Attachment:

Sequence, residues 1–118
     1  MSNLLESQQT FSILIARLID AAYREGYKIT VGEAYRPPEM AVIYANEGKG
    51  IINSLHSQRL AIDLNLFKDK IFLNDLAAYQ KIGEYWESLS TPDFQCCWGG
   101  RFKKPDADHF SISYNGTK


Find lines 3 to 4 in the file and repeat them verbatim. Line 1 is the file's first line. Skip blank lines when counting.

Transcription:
    51  IINSLHSQRL AIDLNLFKDK IFLNDLAAYQ KIGEYWESLS TPDFQCCWGG
   101  RFKKPDADHF SISYNGTK